I hereby declare that the following will prove: even a die-hard fan can produce objectivity.
I like Chuck Palahniuk; what's more, I really like his writing. I own every major release he's published, fiction and nonfiction. I own a DVD of Fight Club. I have attended his events, and the giant inflatable moose head which I won during a trivia contest hangs on my left-hand wall as I write this. I have argued in his defense with my father and my manager, as well as in . I have written five Staff Reviews of his novels at my bookstore, and when I start my shift later today I will write my sixth one for his latest hardcover, Invisible Monsters Remix.
I first heard about the Remix edition of Invisible Monsters from The Cult, Chuck's official website. Back in March of 2011, we knew only that Chuck's adoring fans had finally prevailed — Invisible Monsters, originally only available in paperback, was getting a hardcover release. I was ambivalent about such information: I'd liked Invisible Monsters alright in high school, but it didn't immediately wow me like Survivor and Lullaby, and it didn't stay with me years later like Haunted and Rant, or do both like Snuff. It didn't underwhelm me either (the only one coming close to such an unfortunate verb would be Diary) — it was a solid, middle-of-the-road bit of enjoyability.
Jump to October of the same year, and suddenly the hardcover is getting “remixed” — original vision, new chapters, different reading experience. We get enticing hints and curious predictions. I get slightly suspicious, thinking about Walt Whitman and his half-dozen different editions of Leaves of Grass. But much like the fierce, lonely, faceless narrator of Invisible Monsters, I learned that a sudden explosion of potentially dangerous possibility is far preferable to stagnant, static discontent.
Jump to Thursday the 31st of May, this year, when I finish reading Nicholson Baker's insightful and wonderfully nutty U and I right before I start my shift. Standing in the staff room, I see a fresh cart of books pass me by — and wedged on the middle shelf is a trio of Invisible Monsters Remix hardcovers. I pluck one, place my old bookmark in between new pages, and purchase it right away. Hours later, I was forcing my colleagues to read Chuck's five-page reintroduction, its wit and wisdom alone worth the price of admission.
I finished it in four days (his novels never take me very long, Choke in particular I remember consuming with speed, at the expense of my high school homework). In this little time, however, the Remix has succeeded on several accounts: it has improved my opinion (enhanced my fandom) of Chuck Palahniuk, it has recaptured my strongest affections for the original story, and it has rewarded my reread gamble with unique scenes, sentences, and literary styles.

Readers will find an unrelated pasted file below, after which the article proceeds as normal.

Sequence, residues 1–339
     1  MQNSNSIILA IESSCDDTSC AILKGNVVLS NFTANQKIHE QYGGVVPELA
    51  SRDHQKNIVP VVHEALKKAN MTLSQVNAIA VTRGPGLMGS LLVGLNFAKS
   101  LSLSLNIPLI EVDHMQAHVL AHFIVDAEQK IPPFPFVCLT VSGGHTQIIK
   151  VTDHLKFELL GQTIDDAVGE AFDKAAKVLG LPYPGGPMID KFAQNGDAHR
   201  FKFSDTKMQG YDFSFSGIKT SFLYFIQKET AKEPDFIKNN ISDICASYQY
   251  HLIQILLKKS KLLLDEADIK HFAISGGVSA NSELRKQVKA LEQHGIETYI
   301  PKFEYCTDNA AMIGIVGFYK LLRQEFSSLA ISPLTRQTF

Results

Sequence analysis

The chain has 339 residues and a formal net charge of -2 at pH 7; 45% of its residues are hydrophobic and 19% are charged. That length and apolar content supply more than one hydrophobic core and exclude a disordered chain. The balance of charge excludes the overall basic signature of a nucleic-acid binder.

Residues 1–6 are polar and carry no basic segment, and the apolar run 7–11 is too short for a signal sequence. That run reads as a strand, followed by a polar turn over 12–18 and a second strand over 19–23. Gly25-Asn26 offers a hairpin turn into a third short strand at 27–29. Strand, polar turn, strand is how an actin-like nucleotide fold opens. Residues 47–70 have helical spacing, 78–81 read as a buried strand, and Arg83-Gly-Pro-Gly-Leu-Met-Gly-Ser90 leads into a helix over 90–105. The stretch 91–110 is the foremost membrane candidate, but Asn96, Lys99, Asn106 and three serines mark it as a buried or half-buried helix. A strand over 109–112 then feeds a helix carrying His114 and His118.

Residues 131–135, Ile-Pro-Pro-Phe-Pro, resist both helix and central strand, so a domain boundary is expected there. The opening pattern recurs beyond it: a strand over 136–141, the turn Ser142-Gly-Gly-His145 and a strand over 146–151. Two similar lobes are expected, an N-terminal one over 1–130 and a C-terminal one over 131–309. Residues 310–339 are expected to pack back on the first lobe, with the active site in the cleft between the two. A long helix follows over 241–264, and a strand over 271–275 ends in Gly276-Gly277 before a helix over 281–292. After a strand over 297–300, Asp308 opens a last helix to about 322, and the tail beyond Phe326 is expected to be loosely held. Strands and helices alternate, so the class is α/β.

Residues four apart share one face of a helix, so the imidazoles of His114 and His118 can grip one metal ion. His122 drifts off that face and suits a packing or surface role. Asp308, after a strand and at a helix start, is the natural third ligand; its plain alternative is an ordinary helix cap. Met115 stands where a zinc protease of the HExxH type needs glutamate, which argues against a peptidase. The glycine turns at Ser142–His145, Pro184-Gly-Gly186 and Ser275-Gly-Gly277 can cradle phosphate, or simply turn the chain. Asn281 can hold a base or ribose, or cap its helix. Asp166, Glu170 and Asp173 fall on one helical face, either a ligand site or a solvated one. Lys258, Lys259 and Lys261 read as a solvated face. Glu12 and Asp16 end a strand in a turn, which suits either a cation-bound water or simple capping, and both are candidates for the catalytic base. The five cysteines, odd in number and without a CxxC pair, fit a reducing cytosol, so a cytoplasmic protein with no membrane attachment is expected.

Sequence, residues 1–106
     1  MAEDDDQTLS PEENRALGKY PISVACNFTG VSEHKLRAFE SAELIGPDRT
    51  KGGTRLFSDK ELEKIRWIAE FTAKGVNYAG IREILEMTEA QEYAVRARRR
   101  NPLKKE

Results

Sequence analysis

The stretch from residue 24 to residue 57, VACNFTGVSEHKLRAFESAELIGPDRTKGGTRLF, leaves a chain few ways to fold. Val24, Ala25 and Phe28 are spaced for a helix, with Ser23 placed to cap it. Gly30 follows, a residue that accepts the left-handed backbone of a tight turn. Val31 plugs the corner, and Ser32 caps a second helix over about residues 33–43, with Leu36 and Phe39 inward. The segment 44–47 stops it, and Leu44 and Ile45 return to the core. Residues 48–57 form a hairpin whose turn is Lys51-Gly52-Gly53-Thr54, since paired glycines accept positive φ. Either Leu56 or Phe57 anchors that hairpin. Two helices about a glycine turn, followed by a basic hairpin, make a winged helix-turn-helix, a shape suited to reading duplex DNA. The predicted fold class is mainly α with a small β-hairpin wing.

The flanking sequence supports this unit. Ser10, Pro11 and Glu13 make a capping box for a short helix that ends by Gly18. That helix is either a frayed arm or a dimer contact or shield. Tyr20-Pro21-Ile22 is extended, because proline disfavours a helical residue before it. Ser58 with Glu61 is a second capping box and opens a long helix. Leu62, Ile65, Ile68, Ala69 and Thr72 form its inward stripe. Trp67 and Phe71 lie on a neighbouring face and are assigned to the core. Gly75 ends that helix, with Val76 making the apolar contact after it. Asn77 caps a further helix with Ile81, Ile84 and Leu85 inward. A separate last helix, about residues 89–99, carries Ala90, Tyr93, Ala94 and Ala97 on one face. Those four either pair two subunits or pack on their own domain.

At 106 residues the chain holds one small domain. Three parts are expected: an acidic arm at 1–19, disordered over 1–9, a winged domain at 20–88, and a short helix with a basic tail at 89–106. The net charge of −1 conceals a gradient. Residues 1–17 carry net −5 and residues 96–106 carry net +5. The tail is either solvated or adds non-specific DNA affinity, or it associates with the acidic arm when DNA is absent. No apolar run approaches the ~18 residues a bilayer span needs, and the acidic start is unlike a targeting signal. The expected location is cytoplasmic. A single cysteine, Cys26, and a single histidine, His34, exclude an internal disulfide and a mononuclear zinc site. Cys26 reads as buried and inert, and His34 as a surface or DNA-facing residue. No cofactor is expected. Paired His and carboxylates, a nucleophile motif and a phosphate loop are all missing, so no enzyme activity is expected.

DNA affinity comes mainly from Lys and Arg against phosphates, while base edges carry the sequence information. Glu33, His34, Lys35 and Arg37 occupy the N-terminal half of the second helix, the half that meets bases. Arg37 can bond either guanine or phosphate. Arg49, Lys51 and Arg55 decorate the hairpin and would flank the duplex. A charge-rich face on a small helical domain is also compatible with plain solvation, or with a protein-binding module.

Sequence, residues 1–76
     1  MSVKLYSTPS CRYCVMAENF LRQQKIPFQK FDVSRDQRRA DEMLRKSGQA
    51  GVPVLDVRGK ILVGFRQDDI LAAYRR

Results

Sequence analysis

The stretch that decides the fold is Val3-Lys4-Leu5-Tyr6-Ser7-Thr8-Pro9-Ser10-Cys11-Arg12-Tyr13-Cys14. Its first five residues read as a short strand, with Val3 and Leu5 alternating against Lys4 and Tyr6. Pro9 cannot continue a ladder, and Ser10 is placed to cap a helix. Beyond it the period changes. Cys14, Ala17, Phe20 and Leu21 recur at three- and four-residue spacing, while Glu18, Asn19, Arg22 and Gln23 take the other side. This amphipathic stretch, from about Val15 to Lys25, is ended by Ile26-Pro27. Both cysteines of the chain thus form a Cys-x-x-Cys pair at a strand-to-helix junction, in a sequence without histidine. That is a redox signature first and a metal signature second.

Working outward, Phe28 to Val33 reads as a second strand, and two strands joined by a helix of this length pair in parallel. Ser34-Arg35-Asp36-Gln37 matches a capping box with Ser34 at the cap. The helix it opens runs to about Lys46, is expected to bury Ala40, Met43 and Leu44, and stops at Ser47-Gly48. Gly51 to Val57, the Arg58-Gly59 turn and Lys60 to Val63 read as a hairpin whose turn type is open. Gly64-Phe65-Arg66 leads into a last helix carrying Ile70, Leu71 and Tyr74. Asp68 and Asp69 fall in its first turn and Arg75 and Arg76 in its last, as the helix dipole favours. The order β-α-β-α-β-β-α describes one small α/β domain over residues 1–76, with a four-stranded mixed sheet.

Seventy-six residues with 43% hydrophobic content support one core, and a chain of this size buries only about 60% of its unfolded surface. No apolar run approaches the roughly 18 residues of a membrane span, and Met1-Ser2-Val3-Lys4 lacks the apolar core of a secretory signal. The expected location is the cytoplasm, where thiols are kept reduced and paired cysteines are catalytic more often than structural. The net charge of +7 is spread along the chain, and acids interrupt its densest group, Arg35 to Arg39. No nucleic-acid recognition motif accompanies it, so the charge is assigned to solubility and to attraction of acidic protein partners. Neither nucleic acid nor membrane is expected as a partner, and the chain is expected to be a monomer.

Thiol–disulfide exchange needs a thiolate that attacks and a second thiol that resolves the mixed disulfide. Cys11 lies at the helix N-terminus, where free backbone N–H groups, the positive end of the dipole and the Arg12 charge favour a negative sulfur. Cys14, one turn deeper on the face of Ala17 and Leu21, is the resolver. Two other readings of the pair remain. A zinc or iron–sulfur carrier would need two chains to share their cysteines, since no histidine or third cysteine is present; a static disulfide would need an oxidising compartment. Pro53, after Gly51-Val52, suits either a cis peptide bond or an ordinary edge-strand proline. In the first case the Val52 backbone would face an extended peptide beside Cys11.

The plot, it seems, is unchanged — the story's sequence, however, is entirely restructured. That 1999 paperback, though beloved of many ACLC classmates, was not organized to Palahniuk's preference. The novel was meant to jump around in the style of a disorienting, distracting fashion magazine — instead, Palahniuk “hammered the story into a nice, straight, smooth line.”
Thirteen years later, we get to experience the novel as intended, and I must say — it's a lot of fun flipping back and forth, rifling through pages to find chapter 17 after finishing chapter 26. And while this threatened at first to disjoint Chuck's restless chronological style, it actually enhanced the narrative flow, focusing on various outlandish moments in the heroine's bizarre life. Each character's sins and revelations are as lurid and inspirational as ever, their episodes as comical and their critiques as relevant over a decade later. Invisible Monsters has ditched its “middle-of-the-road” status for me — it's a bona fide “all-over-the-map” delight.
As for its Remix qualities? Its extra chapters, its new scenes, the secrets of its pagination … no, I've said too much. I shall admit them to be adequately awesome, and leave it at that. By the way, you don't have a hand-mirror, do you? Just asking. Hm? Backwards writing? Nope. Sorry. Nuh-unh. Not another word.
Suffice it to say, Chuck Palahniuk has managed to push the envelope yet again. His techniques and ideas are enough to award him Master Chef/Mad Scientist status. Especially of late, with the compelling Oral Biography storytelling of Rant, the eerie censorship in Pygmy, the confusing boldface romp of Tell-All, and the mere fact that one of his stories is set in Hell, we are repeatedly reminded that this man is highly proficient in literary originality. Somewhere, maybe in one of his Stranger Than Fiction essays, he mentioned that he occasionally prayed to avoid death by plane crash, as he still had much to write. For his sake, as an objective fan, the feeling is certainly mutual.